Creekstone Press Author
Marc Arellano is a past recipient of the Lilian I. Found award for poetry and placed second in the Ottawa Valley Book Festival poetry contest. His creative writing has been included in literary journals such as Tree, The Antigonish Review, Arc, Zymergy and the New Canadian Review.
Leslie Barnwell was born in Victoria and moved to the Kispiox Valley in 1974 where she has worked as a teacher, visual artist and writer. She has two grown daughters.
Ken Belford, recipient of three Canada Council writing grants, has been included in several collections of Canadian verse. His work has been published by Talon Books in Vancouver, Caitlin Press in Prince George, and in Modern Canadian and American Poetry (New York).
Roger Benham is a colour photographer specializing in countryside scenes. Originally from England and strongly influenced by the East Anglian School of Art, he emigrated to Canada in 1974 and became further influenced by the Group of Seven. His photographs derive from extensive travels across Canada and the British Isles. He lives high above the Bulkley Valley north of Quick.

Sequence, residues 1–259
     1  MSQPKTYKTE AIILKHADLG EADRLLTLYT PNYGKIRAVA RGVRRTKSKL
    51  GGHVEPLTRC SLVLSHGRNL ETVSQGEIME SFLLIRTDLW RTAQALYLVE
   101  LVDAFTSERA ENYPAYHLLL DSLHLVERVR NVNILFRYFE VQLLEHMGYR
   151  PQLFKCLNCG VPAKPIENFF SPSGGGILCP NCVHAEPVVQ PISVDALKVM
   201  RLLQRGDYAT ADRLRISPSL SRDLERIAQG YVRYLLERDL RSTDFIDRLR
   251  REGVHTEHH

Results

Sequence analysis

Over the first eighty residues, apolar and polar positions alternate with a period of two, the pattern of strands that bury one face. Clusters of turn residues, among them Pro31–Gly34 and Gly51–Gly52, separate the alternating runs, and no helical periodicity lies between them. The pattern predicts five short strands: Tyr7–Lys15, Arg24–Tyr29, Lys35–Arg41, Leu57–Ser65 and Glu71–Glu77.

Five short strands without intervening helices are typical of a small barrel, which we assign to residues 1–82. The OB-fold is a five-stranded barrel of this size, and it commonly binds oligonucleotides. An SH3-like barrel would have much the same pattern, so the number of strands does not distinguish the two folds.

Leanne Boschman-Epp was born in Saskatoon and lived in a small prairie town until she was eighteen. She has since lived in Prince George, Victoria, Denman Island and Terrace. Five years in Liberia and Botswana sparked an interest in how the process of globalization is reflected in world literature. Her own poems tend to be about landscape, family relationships and everyday spiritual struggles. She would like to write more devotional poetry.
Tom Buri grew up in Michigan, graduated from Dartmouth College with a BA in English, and farmed in Vermont before homesteading in Telegraph Creek in the early seventies. He went to law school at UBC and began practicing in Smithers in 1981 where he has lived since. He was appointed Queen’s Counsel in 1993. He has published an Annotated Bibliography on the Stikine River Country and Its People and is working on an historical novel set in the Stikine area.
Gillian Campbell grew up in Quebec and spent four years in north Ontario in the early seventies. Since 1980 she has lived in Terrace, where she was children’s librarian for 14 years. She is currently working on her first novel.